Tuesday, January 20, 2009
Three Chronicle of Higher Education articles by Peter Schmidt on "customizable" law school degrees, with excerpts below the fold:
- Law Schools Customize Degrees to Students' Taste
- Boldly Go Where No Law Student Has Gone Before
- New Niches Mean More Power for Vanderbilt's Law Faculty
Going to law school to get a law degree has become a little like going to an ice-cream parlor for a scoop of vanilla. Plenty of people still do it, but many schools' brochures — like the elaborate flavor-and-topping menus on ice-cream parlor walls — now tempt them with something different, something more.
Law students can have their juris doctor credential flavored with a concentration in a specialty like environmental or intellectual-property law. Or they can go for a double, mixing their J.D. with a master's degree in some other field like business administration, clinical psychology, or the geosciences. If they wish, they can top their selection off with a master of laws (LL.M.) degree, signifying expertise in some subfield like alternative dispute resolution.
The curriculum at law schools has undergone a major transformation in recent years, as many have set up niche programs to attract students. A few critics, however, are beginning to speak out against the trend, arguing that it is driven largely by marketing considerations and hurts legal education.
Specialization "has become almost the norm," says Edward L. Rubin, dean of Vanderbilt University Law School and a former chairman of the Association of American Law Schools' curriculum committee. He says he welcomes the trend out of a belief that it helps provide law students "with a more intense educational experience" than they might get through a traditional legal education. It is also a way to train students for the real world, where law firms increasingly focus on distinct practice areas.
But in an article published this summer in the Harvard Civil Rights-Civil Liberties Law Review [Majors” in Law? A Dissenting View, 43 Harv. C.R.-C.L. L. Rev. 625 (2008)], Michael A. Olivas, a professor of law at the University of Houston, argued that specialized J.D. programs "are generally poorly organized and shallow." And Brian R. Leiter, a professor of law at the University of Chicago who edits a widely read blog on legal education, Brian Leiter's Law School Reports, regards much specialization as "faddish" and "not necessarily based on careful research about the actual needs of the job market or careful examination of the academic merits of the programs."
A sampling of law school specialties:
- Connecticut: Seven joint-degree programs, including a J.D./M.A. in public-policy studies in conjunction with Trinity College, and a J.D./master of library science in conjunction with the library-sciences department at Southern Connecticut State University. Connecticut also offers a master's of laws in insurance law and four J.D. concentrations, leading to certificates in intellectual property, tax studies, law and public policy, and human rights.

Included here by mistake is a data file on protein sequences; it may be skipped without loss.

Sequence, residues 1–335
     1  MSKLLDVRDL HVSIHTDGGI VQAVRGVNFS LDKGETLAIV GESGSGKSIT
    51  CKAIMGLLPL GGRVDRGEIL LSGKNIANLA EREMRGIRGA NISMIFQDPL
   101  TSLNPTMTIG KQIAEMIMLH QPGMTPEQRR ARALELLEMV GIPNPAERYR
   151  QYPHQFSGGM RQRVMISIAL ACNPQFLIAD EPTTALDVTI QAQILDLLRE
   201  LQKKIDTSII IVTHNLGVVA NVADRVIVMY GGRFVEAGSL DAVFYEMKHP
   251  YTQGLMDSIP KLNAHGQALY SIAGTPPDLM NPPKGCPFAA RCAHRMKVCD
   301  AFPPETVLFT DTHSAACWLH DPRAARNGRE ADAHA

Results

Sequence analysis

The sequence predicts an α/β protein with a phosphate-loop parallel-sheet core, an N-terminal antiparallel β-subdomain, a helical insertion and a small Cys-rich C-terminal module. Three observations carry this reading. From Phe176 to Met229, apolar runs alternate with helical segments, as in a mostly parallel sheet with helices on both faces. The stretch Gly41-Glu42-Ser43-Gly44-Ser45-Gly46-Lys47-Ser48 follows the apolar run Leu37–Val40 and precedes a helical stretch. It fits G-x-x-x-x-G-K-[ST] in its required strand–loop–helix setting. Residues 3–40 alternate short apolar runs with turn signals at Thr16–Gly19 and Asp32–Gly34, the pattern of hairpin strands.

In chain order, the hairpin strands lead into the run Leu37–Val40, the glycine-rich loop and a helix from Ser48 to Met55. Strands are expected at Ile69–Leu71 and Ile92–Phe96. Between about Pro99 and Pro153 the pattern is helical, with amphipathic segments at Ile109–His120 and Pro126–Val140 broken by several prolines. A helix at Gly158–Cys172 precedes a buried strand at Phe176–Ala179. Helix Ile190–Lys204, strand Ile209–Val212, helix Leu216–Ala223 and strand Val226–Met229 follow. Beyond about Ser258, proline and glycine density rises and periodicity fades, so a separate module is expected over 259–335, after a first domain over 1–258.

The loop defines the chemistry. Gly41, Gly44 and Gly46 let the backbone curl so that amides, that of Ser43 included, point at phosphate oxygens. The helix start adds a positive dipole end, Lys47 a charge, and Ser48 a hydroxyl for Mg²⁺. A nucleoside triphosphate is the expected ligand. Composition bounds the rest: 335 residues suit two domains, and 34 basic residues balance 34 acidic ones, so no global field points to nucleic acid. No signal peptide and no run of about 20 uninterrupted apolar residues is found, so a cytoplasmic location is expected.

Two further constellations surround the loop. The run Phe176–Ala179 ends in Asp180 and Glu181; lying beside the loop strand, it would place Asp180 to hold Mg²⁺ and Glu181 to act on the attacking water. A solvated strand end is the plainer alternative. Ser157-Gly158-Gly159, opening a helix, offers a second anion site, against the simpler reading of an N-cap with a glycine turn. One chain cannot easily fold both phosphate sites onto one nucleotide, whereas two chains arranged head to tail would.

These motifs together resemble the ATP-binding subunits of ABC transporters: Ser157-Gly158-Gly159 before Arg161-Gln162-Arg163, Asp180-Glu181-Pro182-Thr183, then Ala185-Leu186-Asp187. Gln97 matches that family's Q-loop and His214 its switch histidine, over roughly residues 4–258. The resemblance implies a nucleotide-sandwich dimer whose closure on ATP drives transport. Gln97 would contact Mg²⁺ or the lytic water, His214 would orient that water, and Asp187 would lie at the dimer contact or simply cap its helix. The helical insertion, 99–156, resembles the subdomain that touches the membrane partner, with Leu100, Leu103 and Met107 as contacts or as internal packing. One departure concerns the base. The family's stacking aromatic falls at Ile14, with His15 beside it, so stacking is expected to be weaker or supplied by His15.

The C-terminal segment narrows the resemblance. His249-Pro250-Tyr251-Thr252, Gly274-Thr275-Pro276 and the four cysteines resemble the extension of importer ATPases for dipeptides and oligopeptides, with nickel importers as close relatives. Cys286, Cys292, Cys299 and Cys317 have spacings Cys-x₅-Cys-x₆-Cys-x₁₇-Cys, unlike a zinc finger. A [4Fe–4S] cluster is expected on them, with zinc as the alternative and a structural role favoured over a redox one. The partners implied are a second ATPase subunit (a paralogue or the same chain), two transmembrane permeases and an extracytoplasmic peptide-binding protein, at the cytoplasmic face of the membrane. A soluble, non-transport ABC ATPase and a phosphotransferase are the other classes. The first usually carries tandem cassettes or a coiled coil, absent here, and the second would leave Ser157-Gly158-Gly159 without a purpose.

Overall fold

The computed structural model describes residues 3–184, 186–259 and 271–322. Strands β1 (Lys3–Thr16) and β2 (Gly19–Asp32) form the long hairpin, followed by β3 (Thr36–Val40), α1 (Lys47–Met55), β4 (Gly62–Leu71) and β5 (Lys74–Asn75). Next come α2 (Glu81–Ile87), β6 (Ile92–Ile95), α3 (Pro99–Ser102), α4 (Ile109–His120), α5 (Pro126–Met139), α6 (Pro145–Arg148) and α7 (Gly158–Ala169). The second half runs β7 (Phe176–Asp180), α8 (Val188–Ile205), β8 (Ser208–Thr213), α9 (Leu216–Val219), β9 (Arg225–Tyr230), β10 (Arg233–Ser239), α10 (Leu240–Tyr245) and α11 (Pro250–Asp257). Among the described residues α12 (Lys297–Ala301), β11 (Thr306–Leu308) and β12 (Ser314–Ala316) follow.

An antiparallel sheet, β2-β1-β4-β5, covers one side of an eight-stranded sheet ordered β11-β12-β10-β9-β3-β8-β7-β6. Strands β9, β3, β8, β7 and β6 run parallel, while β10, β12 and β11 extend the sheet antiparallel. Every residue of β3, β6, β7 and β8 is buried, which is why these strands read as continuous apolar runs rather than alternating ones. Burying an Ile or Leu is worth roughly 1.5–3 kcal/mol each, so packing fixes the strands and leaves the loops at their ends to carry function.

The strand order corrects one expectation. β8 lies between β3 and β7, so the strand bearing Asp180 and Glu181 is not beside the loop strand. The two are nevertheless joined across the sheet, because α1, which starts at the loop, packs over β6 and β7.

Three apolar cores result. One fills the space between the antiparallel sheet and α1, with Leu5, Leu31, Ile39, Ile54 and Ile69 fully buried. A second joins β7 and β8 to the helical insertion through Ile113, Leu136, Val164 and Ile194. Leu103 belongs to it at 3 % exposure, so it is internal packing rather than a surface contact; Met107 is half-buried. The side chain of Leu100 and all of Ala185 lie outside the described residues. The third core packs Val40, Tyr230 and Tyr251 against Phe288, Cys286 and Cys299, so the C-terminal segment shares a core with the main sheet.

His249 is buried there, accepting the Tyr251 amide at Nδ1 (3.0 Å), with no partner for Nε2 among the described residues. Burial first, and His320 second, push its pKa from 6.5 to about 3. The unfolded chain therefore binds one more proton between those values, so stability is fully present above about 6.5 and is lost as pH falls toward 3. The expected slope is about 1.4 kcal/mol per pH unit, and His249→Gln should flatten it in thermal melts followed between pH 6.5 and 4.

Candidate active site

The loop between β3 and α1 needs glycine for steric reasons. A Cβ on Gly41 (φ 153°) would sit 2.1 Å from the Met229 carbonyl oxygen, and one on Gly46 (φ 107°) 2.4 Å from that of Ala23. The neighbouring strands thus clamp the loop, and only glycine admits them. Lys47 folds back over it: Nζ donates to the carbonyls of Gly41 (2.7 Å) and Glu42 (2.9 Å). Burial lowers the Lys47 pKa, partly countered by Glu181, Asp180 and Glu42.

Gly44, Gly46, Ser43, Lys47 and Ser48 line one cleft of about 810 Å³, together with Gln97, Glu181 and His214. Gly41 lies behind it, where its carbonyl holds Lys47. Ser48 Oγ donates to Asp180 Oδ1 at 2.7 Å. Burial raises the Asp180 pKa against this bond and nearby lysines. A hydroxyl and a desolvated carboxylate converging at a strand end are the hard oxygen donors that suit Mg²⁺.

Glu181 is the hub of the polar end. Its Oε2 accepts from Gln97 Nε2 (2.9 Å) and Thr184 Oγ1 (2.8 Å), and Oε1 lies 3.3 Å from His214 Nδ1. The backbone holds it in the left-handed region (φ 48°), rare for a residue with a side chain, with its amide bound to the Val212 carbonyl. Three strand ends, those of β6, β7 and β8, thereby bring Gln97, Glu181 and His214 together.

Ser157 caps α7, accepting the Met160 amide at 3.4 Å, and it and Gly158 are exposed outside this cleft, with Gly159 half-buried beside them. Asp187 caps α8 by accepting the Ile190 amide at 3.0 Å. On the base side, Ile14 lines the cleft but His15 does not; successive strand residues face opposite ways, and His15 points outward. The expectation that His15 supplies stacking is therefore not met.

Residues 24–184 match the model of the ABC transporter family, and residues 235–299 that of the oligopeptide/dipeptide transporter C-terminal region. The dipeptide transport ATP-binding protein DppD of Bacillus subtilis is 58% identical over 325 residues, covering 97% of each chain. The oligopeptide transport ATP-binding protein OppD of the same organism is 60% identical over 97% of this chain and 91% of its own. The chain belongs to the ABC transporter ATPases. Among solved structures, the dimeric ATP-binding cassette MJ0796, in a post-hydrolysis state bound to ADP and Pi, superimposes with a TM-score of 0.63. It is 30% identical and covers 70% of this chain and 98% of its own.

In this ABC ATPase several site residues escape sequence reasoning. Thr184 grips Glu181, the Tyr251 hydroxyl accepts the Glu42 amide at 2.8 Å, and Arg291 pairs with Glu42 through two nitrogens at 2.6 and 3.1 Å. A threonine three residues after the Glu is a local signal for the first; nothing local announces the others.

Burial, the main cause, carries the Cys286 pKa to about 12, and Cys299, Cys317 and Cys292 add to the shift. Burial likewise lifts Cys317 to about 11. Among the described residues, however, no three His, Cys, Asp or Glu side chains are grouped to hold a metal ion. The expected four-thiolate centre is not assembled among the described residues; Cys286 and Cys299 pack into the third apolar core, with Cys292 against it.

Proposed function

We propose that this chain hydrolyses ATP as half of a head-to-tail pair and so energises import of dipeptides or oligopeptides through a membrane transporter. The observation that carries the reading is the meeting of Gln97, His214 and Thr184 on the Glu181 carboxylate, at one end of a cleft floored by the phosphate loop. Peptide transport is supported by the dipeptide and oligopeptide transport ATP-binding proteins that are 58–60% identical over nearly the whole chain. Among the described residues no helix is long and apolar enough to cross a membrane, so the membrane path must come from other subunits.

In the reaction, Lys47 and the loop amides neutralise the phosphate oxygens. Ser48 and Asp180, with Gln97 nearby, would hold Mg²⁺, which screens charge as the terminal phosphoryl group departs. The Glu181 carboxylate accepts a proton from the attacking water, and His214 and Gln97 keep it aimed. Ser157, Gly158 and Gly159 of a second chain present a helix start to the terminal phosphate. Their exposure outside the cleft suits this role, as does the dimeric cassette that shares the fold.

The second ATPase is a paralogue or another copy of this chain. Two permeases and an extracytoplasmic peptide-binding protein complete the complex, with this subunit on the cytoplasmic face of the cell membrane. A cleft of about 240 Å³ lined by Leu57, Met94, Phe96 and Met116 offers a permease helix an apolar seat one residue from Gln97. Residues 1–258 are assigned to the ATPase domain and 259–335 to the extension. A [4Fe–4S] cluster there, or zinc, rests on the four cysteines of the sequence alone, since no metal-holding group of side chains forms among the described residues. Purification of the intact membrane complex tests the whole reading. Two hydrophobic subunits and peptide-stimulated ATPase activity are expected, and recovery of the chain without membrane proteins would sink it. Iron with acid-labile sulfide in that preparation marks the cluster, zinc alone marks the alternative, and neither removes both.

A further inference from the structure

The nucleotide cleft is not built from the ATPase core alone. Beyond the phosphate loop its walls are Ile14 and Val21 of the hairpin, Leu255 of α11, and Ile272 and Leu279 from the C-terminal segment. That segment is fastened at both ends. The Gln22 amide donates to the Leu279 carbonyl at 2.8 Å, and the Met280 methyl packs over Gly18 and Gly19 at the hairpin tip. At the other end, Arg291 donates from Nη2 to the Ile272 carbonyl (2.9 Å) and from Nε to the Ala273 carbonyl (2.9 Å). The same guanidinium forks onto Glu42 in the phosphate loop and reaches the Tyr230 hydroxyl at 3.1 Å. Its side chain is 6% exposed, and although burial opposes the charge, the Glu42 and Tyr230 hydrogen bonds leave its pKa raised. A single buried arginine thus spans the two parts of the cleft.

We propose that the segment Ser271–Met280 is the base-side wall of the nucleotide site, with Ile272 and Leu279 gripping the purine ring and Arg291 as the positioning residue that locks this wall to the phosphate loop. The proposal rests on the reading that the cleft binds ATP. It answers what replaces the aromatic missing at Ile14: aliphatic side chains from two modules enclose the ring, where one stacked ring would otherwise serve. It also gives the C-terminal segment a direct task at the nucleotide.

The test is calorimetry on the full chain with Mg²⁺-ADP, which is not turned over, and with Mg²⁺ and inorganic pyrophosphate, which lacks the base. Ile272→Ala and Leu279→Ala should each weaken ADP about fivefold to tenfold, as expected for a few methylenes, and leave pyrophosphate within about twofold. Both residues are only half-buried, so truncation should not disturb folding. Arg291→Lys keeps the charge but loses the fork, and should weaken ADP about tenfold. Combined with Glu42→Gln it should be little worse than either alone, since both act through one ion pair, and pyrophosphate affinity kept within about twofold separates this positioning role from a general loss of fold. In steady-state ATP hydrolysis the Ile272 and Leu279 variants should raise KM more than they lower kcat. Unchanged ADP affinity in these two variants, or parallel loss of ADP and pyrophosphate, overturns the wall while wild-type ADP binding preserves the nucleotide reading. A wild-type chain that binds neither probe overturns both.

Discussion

- Dayton: The "Lawyer as Problem Solver" curriculum requires students to choose one of three tracks: advocacy and dispute resolution, personal and transactional law, or intellectual property, cyberlaw and creativity. Students must complete four or five track courses, including a track-specific course in dispute resolution, in addition to general course work.
- Stanford: Twenty-five joint-degree programs, most of which began as part of a major curriculum overhaul announced in 2006. J.D./Ph.D. programs offer doctorates in fields such as economics, philosophy, and psychology. The school also offers four-year joint J.D./master's degrees in business administration, public policy, and international policy, and three-year joint J.D./master's degrees in conjunction with one-year master's programs in fields such as education, engineering, and various area-studies programs.
- William Mitchell: Students are invited to chart their own course through the curriculum after completing a requirement-loaded first year. Most of the possible pathways are quite general — one is simply labelled "bar preparation." But students have the option of venturing down much more specialized roads by, for example, taking courses offering them expertise in intellectual property or tax law.
In an effort to draw students from around the world, the University of Nebraska College of Law has decided to reach, literally, for the stars. In what it bills as the world's only master-of-laws program in space and telecommunications law, the college offers a credential that, it says, can launch people into careers dealing with legal issues associated with commercial space travel, satellite placement, and the transmission of information into our homes.
At Vanderbilt University Law School, an effort to offer students an array of distinct academic programs has led not just to curriculum changes, but also to a transformation in how the school is governed.
As part of a reorganization begun in 2005, the law school has established distinct faculty groups to oversee each of its eight academic concentrations: in litigation and dispute resolution, constitutional law and theory, environmental law, international legal studies, law and human behavior, regulatory law, social justice, and technology and entertainment law.
The school has given each faculty group a substantial amount of control over the budget for its academic program, its course offerings, and the hiring of adjunct faculty members to teach the courses its program offers. To ensure that faculty members have time for such activities, the school has abolished several standing faculty committees that had handled administrative functions — including admissions, student relations, and the renovation of the physical plant — and transferred responsibility for such matters to its administrative staff.